Saturday in Whitewater will be sunny with a high of 62. Sunrise is 5:39 AM and sunset 8:02 PM for 14h 22m 59s of daytime. The moon is a waxing crescent with 35.4% of its visible disk illuminated.
On this day in 1992, Michigan ratifies a 203-year-old proposed amendment to the United States Constitution making the 27th Amendment law. This amendment bars the U.S. Congress from giving itself a mid-term pay raise.
Planning of a basic kind is necessary for most activity, and assuredly for large-scale projects. Nonetheless, central planning (from government or from the direction of a single, private individual) presents a knowledge problem that leaves centrally-planned projects at risk of failure. Hayek (as cited in Israel M. Kirzner’s excellent Economic Planning and the Knowledge Problem):
The peculiar character of the problem of a rational economic order is determined precisely by the fact that the knowledge of the circumstances of which we must make use never exists in concentrated or integrated form but solely as the dispersed bits of incomplete and frequently contradictory knowledge which all the separate individuals possess, the economic problem of society is thus not merely a problem of how to allocate “given” resources—if “given” is taken to mean given to a single mind which deliberately solves the problem set by these “data.” It is rather a problem of how to secure the best use of resources known to any of the members of society, for ends whose relative importance only these individuals know. Or, to put it briefly, it is a problem of the utilization of knowledge which is not given to anyone in its totality.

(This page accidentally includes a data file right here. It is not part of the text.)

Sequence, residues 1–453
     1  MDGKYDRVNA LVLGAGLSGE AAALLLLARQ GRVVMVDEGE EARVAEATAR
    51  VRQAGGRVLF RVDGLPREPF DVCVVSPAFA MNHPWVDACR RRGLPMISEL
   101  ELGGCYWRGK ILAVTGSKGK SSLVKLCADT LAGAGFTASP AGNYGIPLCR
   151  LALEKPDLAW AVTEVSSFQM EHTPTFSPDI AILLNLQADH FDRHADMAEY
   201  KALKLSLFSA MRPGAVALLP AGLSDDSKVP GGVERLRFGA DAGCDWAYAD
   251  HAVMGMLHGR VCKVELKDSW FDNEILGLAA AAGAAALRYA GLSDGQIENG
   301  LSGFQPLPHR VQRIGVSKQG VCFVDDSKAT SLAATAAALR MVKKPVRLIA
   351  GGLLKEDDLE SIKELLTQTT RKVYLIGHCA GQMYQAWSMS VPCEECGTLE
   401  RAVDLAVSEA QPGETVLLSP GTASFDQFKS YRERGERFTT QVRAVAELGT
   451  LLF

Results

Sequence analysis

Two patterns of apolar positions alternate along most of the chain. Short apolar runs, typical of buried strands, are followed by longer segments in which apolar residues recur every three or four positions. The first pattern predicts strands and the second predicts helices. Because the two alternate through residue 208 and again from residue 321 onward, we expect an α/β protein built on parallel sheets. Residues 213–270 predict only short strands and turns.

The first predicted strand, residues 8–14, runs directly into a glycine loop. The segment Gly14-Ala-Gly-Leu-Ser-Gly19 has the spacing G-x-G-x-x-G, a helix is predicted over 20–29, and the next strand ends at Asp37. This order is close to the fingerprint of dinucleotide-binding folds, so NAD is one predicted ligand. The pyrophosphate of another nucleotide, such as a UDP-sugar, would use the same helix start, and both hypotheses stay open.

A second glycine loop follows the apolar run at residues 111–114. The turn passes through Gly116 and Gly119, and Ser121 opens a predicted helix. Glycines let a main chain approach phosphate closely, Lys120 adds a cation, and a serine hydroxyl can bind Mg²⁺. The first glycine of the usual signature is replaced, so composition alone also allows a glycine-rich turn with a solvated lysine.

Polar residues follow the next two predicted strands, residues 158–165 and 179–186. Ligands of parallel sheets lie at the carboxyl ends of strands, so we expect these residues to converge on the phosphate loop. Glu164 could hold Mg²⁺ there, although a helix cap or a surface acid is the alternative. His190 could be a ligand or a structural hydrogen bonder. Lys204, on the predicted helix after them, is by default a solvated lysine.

See Hayek, The Use of Knowledge in Society, American Economic Review. XXXV, No. 4. pp. 519-30 (1945).
Henry Ford’s planned community (‘Fordlandia’) in the Amazon (yes, the Amazon) is an example of failed central planning (of one wealthy man trying by his own lights to create an entire community):
It is the interaction and transaction among thousands of private people that assures an enduring basis for community. The central planners of government or corporations can begin a community, but their central planning will not sustain a community.